Alla is a wonderful pastor.  She is caring, kind, and a true servant.  Her husband is a wonderful District Superintendent.  I wasn't able to attend worship at this church on a Sunday morning.  But - I have certainly worshiped here!  I went to the Friday night worship service, Saturday morning youth dawn prayer at 5 AM (!!!!), and young men's Bible Study on Saturday afternoon.  It is a wonderful congregation of loving and kind people.  The youth ministry is strong and comprehensive.  

The church building survived the soviet days, too. 

I sat with these two and it was like sitting in church with my own grandparents!

Pastor Alla is such a strong preacher and leader. 

Thursday, July 26, 2012

Saying goodbye to Bohdan.

When I first arrived in Lviv, Bohdan was the first Ukrainian student I met.  David and I were on our way to the student center and we passed him in the street.  He hadn't been around the student center in a while, but he was excited about introducing a new American to the city.  He helped me out a tremendous amount those first few weeks.  We have become good friends - and he has introduced me to some of my closest friends here. 

I'm glad that Bohdan is following his heart - but I'm sad that that means he will be leaving Ukraine and emigrating to Canada.  It is always sad when one of our best and brightest leaves our borders.  I hope that someday he will come back to help make Ukraine better. 

Pavlo and Kristina (the girl on the left) set up the banner for his surprise party!

The group waiting around to hide.

Bohdan with a big smile after a big surprise!


Monday, July 23, 2012

The baptism of Marta Andriyivna Tatchyn

Now that Marta has been baptized and all of her friends and family have met her in person - we're allowed to share photos online.  Here are some photos from the baptism.
Proud mother Erika with the screaming bundle of joy!

Pastor Lyubomir and Maryanna Shevchuk are the godparents

The beautiful wooden church


The baptism.
Marta's adorable little face! 

Friday, July 20, 2012

Everything is wonderful

I know that's not the blog post title you've been waiting for.

We have faced a terrible tragedy recently.  Everything was terrible.  For days my entire body hurt.  My head felt like it was much too heavy for my scrawny neck to support it.  We lost a beloved friend, a pillar of our community, and a truly good man when Illya died.  I spent a very difficult day with the widow of our American friend who died.  For 36 hours my dear friend David Goran was in a Ukrainian hospital without painkillers or antibiotics after a very serious injury.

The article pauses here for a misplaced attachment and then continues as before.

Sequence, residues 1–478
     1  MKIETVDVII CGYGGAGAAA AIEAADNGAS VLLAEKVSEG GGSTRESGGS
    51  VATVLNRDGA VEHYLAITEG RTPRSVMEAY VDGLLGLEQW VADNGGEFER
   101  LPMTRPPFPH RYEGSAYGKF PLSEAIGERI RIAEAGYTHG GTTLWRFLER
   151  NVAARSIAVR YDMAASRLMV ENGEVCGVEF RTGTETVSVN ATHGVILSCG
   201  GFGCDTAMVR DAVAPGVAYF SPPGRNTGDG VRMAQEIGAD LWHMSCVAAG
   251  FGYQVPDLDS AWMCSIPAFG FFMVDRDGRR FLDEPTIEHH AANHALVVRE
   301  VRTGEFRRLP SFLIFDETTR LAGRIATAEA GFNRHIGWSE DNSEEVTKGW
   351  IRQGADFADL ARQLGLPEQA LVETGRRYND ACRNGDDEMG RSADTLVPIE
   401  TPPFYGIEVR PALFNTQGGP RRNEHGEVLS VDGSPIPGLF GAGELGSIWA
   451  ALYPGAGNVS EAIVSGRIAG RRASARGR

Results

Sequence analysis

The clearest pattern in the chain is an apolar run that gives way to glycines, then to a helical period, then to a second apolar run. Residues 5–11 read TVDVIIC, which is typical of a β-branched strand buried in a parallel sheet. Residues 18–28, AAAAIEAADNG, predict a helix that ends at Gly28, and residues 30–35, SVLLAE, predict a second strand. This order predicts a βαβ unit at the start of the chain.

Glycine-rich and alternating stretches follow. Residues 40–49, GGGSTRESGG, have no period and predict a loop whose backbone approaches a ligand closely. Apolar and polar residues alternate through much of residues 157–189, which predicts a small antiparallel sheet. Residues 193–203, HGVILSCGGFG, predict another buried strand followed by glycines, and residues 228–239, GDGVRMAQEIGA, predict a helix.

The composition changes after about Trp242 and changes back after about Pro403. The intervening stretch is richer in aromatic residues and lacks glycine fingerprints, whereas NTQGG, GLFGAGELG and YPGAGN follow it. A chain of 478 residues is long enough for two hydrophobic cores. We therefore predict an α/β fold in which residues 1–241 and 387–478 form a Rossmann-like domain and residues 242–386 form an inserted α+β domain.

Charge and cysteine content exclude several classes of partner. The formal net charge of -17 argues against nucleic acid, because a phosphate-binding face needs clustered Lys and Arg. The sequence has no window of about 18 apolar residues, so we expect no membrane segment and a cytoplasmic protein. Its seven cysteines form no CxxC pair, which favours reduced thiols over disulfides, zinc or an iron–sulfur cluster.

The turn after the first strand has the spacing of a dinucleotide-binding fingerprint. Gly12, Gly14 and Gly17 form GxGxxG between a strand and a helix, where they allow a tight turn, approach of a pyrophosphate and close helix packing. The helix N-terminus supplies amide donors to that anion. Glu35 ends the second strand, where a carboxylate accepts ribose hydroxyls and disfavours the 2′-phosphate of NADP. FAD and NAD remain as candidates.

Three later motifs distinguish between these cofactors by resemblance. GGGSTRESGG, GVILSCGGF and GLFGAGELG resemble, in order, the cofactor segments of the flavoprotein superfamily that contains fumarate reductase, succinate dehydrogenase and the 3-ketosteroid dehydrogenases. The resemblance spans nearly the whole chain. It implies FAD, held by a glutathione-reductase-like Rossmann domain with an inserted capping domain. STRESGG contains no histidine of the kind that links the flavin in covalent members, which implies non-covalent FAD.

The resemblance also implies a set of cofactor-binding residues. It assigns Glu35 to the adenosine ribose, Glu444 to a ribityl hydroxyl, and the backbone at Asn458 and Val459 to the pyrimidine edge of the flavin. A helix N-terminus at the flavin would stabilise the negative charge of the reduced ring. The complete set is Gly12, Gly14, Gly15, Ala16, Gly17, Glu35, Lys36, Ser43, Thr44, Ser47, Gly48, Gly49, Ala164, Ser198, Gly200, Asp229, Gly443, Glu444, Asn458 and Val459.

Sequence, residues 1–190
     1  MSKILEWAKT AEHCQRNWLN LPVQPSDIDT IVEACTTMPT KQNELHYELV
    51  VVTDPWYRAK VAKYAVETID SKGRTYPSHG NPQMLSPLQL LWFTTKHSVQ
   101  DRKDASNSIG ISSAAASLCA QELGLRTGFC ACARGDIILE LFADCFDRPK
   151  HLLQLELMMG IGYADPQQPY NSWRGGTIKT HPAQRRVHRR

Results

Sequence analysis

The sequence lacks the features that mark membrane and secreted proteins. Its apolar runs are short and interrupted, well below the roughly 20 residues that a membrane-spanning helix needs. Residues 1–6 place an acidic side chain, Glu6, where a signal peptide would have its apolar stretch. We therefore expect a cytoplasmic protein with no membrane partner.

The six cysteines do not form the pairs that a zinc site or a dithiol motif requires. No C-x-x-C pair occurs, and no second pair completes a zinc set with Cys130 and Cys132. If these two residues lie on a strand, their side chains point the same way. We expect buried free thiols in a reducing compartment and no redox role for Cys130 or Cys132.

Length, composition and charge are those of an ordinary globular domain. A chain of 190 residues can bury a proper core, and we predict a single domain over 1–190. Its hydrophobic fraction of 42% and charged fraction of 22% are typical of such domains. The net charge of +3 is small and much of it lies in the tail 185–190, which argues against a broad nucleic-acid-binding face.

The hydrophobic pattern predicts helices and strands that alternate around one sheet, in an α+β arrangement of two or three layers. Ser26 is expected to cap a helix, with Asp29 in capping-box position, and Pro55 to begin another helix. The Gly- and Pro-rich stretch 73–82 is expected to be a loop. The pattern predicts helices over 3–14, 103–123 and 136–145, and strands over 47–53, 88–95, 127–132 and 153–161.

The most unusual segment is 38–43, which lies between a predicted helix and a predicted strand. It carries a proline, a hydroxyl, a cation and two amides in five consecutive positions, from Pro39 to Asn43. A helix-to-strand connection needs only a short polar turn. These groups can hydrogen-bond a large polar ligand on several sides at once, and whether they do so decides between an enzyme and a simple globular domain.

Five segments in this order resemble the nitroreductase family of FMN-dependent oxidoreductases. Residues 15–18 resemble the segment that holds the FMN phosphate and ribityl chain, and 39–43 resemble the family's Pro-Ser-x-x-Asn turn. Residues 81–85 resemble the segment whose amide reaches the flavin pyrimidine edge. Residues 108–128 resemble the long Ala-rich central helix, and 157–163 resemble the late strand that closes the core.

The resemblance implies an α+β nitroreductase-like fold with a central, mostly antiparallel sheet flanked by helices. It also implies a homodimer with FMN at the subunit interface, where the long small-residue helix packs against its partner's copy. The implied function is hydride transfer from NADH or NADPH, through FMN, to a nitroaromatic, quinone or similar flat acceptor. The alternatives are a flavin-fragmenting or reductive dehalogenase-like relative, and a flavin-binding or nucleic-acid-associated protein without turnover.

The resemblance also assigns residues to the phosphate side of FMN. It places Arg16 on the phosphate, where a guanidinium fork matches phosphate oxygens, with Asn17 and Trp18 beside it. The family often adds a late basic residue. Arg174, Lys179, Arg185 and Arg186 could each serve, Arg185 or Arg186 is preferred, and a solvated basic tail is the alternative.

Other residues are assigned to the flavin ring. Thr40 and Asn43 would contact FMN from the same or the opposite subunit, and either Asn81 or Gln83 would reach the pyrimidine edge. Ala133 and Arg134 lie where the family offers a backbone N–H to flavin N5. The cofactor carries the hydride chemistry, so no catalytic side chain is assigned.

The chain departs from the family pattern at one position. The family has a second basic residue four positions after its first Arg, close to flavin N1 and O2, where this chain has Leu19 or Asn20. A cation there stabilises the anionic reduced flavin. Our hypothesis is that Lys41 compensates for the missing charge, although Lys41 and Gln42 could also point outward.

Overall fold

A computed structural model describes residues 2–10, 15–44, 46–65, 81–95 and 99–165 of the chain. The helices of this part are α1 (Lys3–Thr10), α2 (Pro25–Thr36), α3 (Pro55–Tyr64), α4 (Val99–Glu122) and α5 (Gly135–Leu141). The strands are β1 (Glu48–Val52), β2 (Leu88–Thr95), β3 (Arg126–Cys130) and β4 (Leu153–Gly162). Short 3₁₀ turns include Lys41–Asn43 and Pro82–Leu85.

Everything was terrible.

As we move forward, we see the great joy of living life in community.  Here are a few pictures of our Sunday morning worship service.



Everything is wonderful.  Even in these difficult days - we see God's great lovingkindess in abundance.  We see people growing closer to one another and to God.  We see true community.  

God is good and God is faithful.  My pastor (standing behind the altar table in the third photo) and I have shared so many good conversations these last few days.  We have experienced scripture in new ways.  He has read and re-read the Gospel of John as one long trial of Jesus.  I have delighted in God's words to Job.  

Everything is wonderful.  Our God, our theology, and our faith is big enough to handle death - especially the death of one who loved Jesus with all of his heart.  We rejoice that Illya is with his savior in heaven.  We look forward to joining them some day.  

We are moving forward - but we have a long way to go.  Everyone is grieving in different ways - and even one of his good friends just found out the news today.  But, the great joy is that we have our faith and one another to help us through these times. 

Everything is wonderful.  Tomorrow we celebrate the baptism of Erika and Andriy Tatchyn's baby girl.  They are thankful that their dear friend Illya was able to come and meet their newborn daughter before the tragedy.  They asked a priest how long they should wait during this time of mourning before they baptized her - and he confidently responded that they shouldn't wait.  It is always the right time to celebrate a new birth and a new child of God. 

I promised not to post any pictures of Marta's adorable little face until all of our friends have met her in person - but for now you can see her great hair and Erika's joyful smile! 



Thursday, July 5, 2012

Priska and Florian - Adventures in Romania

Priska and Florian arguing in German.

Florian in front of the center-square church.

Priska enjoying shuarma.

Priska and Florian - I had such a great time with them. I love this picture.

They're actually not a couple - but they sure do look it!